New Fall print progress

After first learning how to make prints with water-based pigments from Annie Bissett (https://anniebissett.com/home.html) in 2016, I went home and made a tiny (~ 2″ x 3″) little print using plywood samples I had received from various sources, and testing out about 5 different paper types. Most of these ended up being sent out to friends and family as Fall greetings.

I decided this year to make another Fall-themed print, which I started working on back in June, when I first made the “frankenblocks” from thin cherry and plywood plus applied chunks of wood for registration marks. Sadly, the set of prints is not going to be ready for the official start of Fall, since other things got in the way. The new goal is to have the first printing ready sometime during Fall. Here’s the key block and my first attempt at making hanshita for the color block transfers:

As you can see from the bleeding and the wrinkling, I used WAY too much liquid to print the hanshita. Try 2 turned out OK! When I used the glue I brought back from Japan (the stuff Dave uses to attach line-work transfers), most of the gampi peeled off with the mounting paper.

The transfer above was for the yellow color, which will cover the leaves entirely. Here are some shots of the carved areas for blue and light orange-ish:

And finally, here are the finished color blocks – 6 of them – cleaned off, before any pigment has been applied (yellow, red; light reddish, blue; dark green, and light green).

I will confess, I have done a small round of test printing! The results of that will need to wait until the next post.

“By Starlight” printing complete

I finished the batch of boatmen! They are already at Mokuhankan in Tokyo, also available online here: https://mokuhankan.com/catalogue/KP02.php.

Here are my printing notes.

  1. Maimeri Blu Primary yellow: boat, lamp and sky bokashi. Block 1.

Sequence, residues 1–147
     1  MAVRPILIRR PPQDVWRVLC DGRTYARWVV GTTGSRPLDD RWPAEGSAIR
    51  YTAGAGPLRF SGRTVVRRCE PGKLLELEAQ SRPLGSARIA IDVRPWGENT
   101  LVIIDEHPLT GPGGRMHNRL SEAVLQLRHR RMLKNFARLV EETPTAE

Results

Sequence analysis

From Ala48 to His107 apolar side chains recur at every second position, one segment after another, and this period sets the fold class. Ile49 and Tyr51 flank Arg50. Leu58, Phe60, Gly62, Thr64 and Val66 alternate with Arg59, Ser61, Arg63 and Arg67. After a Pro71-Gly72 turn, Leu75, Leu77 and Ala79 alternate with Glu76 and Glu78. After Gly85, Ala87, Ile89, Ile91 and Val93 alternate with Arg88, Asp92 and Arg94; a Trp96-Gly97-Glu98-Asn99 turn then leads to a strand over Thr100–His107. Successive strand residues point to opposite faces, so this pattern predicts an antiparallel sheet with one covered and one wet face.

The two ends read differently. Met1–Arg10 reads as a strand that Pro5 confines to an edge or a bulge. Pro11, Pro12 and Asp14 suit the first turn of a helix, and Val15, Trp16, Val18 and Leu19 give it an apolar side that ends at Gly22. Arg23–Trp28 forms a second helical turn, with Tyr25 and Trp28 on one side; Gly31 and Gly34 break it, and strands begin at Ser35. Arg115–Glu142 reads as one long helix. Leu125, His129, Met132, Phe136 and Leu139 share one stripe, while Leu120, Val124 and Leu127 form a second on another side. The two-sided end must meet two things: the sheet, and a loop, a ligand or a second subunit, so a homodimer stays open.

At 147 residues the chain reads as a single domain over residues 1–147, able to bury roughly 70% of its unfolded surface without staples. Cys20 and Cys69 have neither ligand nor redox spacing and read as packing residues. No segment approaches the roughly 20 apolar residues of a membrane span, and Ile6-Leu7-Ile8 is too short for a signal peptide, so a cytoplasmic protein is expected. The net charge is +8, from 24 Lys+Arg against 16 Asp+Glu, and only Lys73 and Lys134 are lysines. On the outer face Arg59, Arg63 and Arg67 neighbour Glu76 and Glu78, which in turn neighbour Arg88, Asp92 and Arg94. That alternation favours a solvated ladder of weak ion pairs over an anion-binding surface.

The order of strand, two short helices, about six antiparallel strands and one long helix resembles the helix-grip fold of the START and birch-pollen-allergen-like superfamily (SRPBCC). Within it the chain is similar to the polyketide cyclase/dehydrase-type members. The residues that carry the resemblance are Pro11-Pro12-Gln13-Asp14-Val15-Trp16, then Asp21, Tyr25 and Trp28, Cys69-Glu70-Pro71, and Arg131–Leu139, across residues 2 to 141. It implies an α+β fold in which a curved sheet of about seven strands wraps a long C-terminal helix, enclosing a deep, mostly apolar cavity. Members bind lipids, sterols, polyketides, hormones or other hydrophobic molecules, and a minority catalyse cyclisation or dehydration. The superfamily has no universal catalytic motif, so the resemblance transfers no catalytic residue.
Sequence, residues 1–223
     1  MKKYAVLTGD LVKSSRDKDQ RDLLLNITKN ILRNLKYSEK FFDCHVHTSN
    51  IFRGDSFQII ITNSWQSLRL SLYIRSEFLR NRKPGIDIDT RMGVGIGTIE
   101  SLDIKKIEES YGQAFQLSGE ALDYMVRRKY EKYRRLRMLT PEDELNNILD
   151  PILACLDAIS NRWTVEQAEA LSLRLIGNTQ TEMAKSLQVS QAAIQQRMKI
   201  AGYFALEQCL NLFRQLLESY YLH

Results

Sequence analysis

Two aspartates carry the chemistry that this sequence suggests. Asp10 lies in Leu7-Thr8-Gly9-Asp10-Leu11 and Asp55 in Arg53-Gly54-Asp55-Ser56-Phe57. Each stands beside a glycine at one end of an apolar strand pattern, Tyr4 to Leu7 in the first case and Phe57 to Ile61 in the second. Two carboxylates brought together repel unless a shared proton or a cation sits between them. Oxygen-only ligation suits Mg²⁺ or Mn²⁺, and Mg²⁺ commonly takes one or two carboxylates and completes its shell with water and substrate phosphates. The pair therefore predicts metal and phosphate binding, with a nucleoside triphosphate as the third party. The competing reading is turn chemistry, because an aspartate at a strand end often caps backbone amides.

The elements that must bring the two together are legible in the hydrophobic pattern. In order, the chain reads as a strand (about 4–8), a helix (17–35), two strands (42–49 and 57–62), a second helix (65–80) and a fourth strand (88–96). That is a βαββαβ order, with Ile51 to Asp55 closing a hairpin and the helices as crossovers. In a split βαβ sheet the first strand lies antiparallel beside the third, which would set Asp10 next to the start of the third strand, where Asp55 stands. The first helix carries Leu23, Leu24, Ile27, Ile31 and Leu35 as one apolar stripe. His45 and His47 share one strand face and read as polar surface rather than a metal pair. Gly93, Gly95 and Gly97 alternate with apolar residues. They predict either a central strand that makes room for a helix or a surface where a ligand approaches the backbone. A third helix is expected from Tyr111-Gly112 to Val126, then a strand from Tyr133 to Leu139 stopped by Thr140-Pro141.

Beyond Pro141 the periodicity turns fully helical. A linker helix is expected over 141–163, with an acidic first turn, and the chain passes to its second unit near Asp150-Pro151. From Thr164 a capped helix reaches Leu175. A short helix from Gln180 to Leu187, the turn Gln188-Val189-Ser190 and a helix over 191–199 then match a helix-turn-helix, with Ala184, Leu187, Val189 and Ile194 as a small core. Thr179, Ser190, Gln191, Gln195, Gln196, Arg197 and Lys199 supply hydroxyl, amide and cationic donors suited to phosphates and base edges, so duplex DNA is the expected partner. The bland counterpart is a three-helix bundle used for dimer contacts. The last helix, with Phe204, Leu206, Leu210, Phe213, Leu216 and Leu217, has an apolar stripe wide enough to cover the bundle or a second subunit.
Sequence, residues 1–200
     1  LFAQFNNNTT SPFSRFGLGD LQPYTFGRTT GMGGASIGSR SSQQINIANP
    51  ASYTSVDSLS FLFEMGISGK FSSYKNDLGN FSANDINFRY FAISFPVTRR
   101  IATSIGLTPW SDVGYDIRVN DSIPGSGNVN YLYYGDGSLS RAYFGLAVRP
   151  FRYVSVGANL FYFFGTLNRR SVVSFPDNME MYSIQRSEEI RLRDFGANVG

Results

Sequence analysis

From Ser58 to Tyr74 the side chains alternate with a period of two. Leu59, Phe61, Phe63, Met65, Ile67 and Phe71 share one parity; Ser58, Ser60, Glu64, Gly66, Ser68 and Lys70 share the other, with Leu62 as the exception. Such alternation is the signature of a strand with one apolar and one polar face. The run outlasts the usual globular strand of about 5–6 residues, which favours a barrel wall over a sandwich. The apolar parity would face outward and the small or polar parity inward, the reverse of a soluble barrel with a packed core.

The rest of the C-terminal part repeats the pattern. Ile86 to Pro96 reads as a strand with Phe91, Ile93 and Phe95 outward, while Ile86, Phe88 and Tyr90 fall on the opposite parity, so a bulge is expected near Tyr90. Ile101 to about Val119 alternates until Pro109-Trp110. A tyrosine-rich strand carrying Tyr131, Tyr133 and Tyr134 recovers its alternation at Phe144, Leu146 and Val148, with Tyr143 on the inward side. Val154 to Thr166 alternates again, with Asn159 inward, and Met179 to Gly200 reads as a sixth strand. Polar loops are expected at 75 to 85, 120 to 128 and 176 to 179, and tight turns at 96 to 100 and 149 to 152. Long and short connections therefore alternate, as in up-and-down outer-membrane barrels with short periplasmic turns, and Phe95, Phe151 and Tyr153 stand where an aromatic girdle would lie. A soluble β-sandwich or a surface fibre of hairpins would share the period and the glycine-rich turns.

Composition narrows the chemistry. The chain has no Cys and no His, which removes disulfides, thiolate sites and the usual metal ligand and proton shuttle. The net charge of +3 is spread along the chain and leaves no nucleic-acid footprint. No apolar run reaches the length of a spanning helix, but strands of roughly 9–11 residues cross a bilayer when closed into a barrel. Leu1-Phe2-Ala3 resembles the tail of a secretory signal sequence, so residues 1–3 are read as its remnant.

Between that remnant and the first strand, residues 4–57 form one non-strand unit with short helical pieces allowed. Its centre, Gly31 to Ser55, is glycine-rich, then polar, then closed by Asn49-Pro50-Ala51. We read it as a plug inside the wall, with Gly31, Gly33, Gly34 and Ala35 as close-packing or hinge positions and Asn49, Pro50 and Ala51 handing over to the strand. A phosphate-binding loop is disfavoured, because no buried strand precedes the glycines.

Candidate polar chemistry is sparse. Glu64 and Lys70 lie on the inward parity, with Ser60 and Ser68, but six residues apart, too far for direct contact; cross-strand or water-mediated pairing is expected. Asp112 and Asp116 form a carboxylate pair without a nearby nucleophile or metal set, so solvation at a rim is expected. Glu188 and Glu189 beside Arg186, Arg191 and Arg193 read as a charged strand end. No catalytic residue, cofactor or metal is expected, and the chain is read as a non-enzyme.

2. 3-way bokashi on the water (live dangerously!): Primary yellow, Holbein Opera, Holbein Prussian Blue. Used a big shoe brush. Sheds like a dog, but it’s a good way to get a big brush on the cheap. Block 2.
  3. Holbein Opera bokashi on the sky, rim of the boat. Block 1.
  4. Grumbacher Academy Payne’s Gray, round bokashi on water. Block 3. This one has the water sparkles cut out. Used the big shoe brush again; brush marks visible on most copies.
  5. Grumbacher Payne’s gray: sky bokashi. Block 4. This one has the clouds cut out.
  6. Grumbacher Payne’s gray on Block 5, which has the boat interior, the shade of the boat, the man, and the hills and their reflection.
  7. Windsor Newton Indanthrene Blue: Block 3 (water sparkles)
  8. Indanthrene bokashi on Block 4 (sky)
  9. GB Payne’s Gray, round bokashi on water. Block 3 (water sparkles). This time I used two brushes rather than the big shoe brush, to try to smooth out the brush marks.
  10. GB Payne’s Gray on Block 6. This one has the darkest shadows on the water, the shaded side of the boat with its gear and pilot, and the above-water parts of the hills. I omitted the hills.
  11. GB Payne’s Gray roundish bokashi on the sky, block 4. Small hill was omitted.
  12. GB Payne’s Gray bokashi on the small hill, block 4.
  13. GB Payne’s Gray bokashi on the tall hills and their reflection (block 5)
  14. GB Payne’s Gray again on block 6, darker in the corner (omitted hills).

I am hereby appointed the ambassador for Grumbacher Academy Payne’s Gray 🙂

I took only a couple of process shots. The first is after impression 3, and the second is after impression 4.